Treadwell: For symptomatic people, the Zika virus usually causes only a brief, mild flu-like illness; 80 percent of people infected have no symptoms at all. The most common symptoms are usually mild, including fever, rash, joint pain or conjunctivitis (eye irritation).

What should you do if you’re pregnant and think you’ve been infected with Zika?

Treadwell: Families should contact their primary health provider about a possible Zika virus diagnosis during pregnancy. If you have traveled to an affected region during pregnancy and are concerned, your doctor will help determine best next steps and possibly recommend diagnostic and fetal testing to evaluate your baby’s health and development.

How should pregnant women protect themselves if they are in a Zika-infected area?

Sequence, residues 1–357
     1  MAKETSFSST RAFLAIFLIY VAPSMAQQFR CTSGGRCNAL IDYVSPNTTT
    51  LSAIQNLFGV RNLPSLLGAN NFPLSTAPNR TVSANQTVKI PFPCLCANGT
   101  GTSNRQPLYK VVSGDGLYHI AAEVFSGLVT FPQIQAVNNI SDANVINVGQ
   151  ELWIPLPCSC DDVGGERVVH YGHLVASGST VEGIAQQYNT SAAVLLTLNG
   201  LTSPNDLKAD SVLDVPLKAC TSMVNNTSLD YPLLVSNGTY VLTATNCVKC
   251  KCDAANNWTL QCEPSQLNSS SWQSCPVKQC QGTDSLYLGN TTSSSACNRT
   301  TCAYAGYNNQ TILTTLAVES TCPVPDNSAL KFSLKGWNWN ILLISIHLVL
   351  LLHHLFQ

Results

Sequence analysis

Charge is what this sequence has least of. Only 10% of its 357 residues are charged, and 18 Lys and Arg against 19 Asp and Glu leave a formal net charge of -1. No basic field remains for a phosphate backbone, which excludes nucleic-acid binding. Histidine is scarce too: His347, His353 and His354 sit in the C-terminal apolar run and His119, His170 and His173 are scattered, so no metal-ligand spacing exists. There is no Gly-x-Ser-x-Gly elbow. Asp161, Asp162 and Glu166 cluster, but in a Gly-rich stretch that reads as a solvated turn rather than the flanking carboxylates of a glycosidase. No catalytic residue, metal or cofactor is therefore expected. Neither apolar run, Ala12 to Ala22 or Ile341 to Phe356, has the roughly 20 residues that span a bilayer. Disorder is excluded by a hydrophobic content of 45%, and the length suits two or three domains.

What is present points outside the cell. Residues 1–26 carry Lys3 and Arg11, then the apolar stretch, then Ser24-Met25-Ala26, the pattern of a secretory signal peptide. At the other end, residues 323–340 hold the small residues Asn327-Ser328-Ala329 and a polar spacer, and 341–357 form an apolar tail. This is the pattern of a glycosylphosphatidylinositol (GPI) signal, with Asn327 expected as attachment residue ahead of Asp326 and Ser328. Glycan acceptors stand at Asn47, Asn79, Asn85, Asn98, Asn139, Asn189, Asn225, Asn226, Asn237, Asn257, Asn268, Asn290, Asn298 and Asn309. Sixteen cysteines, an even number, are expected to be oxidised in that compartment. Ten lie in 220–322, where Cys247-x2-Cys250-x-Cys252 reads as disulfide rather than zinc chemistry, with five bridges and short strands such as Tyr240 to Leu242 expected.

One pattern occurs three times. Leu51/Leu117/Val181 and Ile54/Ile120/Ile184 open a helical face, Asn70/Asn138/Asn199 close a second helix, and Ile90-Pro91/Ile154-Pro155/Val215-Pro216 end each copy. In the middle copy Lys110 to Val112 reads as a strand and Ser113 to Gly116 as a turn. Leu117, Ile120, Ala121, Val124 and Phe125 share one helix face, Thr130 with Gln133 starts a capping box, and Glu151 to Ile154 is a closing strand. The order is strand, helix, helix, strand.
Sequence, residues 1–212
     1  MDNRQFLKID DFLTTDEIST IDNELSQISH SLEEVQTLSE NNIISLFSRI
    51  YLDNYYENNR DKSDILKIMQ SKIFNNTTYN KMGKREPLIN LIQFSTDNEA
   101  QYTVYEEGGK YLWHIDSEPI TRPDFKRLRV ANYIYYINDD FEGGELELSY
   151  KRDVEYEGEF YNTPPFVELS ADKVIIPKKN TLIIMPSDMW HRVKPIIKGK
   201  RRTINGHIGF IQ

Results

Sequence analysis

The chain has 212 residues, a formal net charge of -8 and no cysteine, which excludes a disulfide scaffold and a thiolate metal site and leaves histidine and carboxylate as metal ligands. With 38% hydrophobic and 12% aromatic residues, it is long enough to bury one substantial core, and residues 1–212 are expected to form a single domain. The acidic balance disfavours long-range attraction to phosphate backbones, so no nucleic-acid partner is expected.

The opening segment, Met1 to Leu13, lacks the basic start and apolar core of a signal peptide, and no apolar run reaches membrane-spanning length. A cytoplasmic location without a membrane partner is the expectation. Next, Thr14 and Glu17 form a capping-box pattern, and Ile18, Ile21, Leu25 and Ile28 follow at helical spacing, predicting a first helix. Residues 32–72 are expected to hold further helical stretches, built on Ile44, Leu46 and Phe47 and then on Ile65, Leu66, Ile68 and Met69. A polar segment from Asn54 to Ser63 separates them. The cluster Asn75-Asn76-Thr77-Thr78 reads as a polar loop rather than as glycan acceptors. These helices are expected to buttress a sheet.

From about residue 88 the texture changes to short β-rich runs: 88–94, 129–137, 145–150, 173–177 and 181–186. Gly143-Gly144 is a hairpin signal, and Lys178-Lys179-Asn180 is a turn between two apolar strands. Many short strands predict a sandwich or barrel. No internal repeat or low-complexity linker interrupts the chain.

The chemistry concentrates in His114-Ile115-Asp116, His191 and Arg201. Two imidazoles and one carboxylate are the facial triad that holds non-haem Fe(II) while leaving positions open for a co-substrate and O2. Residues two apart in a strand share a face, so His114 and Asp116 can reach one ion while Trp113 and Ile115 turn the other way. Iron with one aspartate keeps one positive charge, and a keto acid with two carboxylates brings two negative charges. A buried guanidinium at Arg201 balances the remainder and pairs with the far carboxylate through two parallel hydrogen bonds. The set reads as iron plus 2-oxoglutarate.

Treadwell: Pregnant women should take all possible precautions to protect themselves and their unborn babies if they are in a Zika-affected territory. Use insect repellent, wear long sleeves and long pants, and stay inside with air conditioning and window screens as much as possible. All travelers should check with their primary care provider for travel recommendations, and visit the CDC Travelers' Health site for the most updated information.

Is there any way to treat Zika?

Unfortunately at this time, there isn’t a vaccine to prevent Zika. There is also no treatment for those infected. Prevention is key. 

For more information and updates about the Zika virus, visit the CDC’s website.

This post was originally published on June 9, 2016, and was updated on Aug. 3, 2016.